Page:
Milestones like "Daydream Nation" or "Goo" made Sonic Youth an underground rock institution - until the divorce of bassist Kim Gordon and singer/guitarist Thurston Moore marked the end of the cult band: In October 2011, after 30 years and 13 albums, the New Yorkers announced their separation. Now, after a long self-discovery and the move to Los Angeles, Gordon (66) returns with her solo "No Home Record".
eclipsed: How do you feel about your time with Sonic Youth today? Do you regret anything?
Kim Gordon: Maybe that I've subordinated myself too much. I mean, Sonic Youth was an influential band - and she really absorbed me. So it had a little bit of that, as if I'd been kidnapped (laughs). I've always done interesting little things about art, but there was no time for more. That only changed at the beginning of the 2000s when I had a few exhibitions. So I was always interested in visual art and would have liked to have been more involved with it.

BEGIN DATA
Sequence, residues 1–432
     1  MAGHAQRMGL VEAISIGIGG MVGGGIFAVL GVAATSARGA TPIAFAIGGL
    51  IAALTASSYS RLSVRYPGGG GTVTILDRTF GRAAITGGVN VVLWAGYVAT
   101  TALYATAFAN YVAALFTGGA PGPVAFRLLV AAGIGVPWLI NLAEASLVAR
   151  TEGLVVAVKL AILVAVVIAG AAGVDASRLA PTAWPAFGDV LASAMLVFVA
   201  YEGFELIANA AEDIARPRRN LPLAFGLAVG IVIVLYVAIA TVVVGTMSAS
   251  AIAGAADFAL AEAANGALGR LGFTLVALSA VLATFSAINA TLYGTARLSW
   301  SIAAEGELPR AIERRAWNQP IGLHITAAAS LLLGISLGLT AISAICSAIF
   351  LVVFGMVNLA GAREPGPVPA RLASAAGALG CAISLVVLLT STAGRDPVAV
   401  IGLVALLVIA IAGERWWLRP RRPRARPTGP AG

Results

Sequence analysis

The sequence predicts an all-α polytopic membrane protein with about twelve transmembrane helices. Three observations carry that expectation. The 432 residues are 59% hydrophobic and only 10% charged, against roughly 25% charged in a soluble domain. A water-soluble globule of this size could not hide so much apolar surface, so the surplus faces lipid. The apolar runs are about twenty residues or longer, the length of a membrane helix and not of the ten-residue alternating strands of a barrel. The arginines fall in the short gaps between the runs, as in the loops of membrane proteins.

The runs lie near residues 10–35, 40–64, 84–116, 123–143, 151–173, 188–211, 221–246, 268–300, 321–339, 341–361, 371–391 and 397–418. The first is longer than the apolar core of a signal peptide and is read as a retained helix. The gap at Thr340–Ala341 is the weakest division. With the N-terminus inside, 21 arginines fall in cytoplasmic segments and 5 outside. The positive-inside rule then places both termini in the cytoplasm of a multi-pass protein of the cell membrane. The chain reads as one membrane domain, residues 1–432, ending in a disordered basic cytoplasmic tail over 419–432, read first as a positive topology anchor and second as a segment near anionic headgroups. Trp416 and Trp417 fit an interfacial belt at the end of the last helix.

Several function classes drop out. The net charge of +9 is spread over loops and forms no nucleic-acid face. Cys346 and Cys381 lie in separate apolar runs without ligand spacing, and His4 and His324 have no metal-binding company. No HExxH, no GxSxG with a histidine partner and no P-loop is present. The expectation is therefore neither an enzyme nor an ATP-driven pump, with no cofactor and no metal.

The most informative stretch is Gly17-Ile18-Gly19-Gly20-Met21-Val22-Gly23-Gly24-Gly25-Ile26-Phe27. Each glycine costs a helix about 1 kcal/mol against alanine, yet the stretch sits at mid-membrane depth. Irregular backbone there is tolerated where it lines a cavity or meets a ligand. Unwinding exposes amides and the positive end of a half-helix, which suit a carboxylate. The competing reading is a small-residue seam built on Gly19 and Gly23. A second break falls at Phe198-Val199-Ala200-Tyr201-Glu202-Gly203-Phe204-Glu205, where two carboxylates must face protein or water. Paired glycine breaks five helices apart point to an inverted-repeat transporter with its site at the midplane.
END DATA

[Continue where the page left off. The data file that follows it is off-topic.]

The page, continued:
eclipsed: What are you catching up on now?
Gordon: Yes, I just have an exhibition at the Irish Museum of Modern Art in Dublin.
eclipsed: What's that all about?
Gordon: Airbnbs: These are not just alternatives to hotels, but a lifestyle that promises a lot of adventure. For example, you can become a cowboy for a weekend, ride horses and camp around a campfire. It's like immersing yourself in a utopia. I myself have spent the night in several Airbnbs over the years because I am fascinated by what people come up with as decoration. They create small landscapes that are like vanishing points and in which everything is perfectly coordinated. On the walls there are framed pictures or slogans that are supposed to have a deeper meaning. But they're usually cheap clichés. And I don't know what the landlords are trying to do with it. I'm still trying to figure that out - like in my exhibition entitled "She Bites Her Tender Mind". It comprises four small rooms that show how I would decorate an Airbnb - with feminist art that is somewhat more difficult to digest.